Peter Curling has followed a somewhat unconventional path as an artist. He was born in Waterford, but moved to England when he was eight years old. He must have been something of a child prodigy because at the ripe old age of fourteen he had his first exhibition at Lambourn in West Berkshire, a major English racing centre. His formal art education began at seventeen and consisted of three years with the famed Signorina Nera Simi in Florence. She followed the traditional atelier method and he would have emerged well-schooled in the disciplines required for representational art. He also spent a brief period in England working with the illustrious equine painter John Skeaping.
He returned to Ireland in 1975 and set up shop in Goold’s Cross, near Cashel – serious racing country. He has carved out a very successful career, establishing himself as Ireland’s pre-eminent equine artist. His paintings, full of character and colorful detail, show horses at race-meetings, at exercise and hunting. Curling’s is a bucolic, non-contentious vision, far removed from the heroic creatures you find in Jack B Yeats’ work or the more painterly animals depicted by Basil Blackshaw. Curling does well at auction, however, and in the boom days he was regularly selling for over €50,000. His highest result on record was Summer Exercise, Killeens, which sold for €82,000 at Adam’s in 2006.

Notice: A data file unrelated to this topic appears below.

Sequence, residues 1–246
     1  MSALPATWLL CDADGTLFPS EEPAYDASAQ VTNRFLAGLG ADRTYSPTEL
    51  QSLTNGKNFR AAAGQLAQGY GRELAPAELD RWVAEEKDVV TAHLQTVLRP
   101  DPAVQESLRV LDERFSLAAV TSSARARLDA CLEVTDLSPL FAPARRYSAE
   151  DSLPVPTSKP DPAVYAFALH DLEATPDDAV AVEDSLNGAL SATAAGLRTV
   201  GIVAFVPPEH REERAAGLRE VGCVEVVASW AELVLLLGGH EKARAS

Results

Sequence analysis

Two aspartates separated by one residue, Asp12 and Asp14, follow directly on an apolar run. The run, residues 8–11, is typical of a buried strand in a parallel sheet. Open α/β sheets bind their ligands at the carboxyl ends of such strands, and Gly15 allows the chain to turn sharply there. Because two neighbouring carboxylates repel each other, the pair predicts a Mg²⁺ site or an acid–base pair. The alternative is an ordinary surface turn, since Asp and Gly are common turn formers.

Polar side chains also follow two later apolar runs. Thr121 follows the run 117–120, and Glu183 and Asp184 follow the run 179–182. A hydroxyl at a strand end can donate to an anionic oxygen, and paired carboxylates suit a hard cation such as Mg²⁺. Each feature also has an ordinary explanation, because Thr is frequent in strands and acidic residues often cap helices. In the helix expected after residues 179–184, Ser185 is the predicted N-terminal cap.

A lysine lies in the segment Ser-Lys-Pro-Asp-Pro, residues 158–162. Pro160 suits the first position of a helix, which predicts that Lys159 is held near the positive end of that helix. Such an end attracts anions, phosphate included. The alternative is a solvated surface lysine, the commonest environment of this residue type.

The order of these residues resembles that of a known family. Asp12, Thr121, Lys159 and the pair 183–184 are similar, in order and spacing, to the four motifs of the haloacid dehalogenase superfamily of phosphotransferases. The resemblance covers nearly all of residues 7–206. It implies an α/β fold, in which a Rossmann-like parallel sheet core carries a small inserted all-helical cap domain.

De Veres 31 March sale features The Paddock at Kilfeacle, The Scarteen point to point, a typical example of his work. The roughness of the ground and the temporary railings reveal it’s a point-to-point meeting rather than an event at one of the major tracks. This prime example of Curling’s work is guiding at €20,000 to €30,000.
At the same auction, there’s a painting by Martin Gale – a name that is suggestive of horse racing (a martingale is a device used to control the head carriage of a horse) and he is in fact the son of a successful amateur jockey. Gale has done many horse paintings in his time, but his painting Fieldwork (€3,000 to €5,000) focuses on a pickup truck heading down a narrow path beside a muddy field. It’s carrying a large speaker in the back – so it’s embarking on some errand. Gale specialises in paintings of the countryside going about its business, often with a sense of mystery as to what that business is.
John P O’Sullivan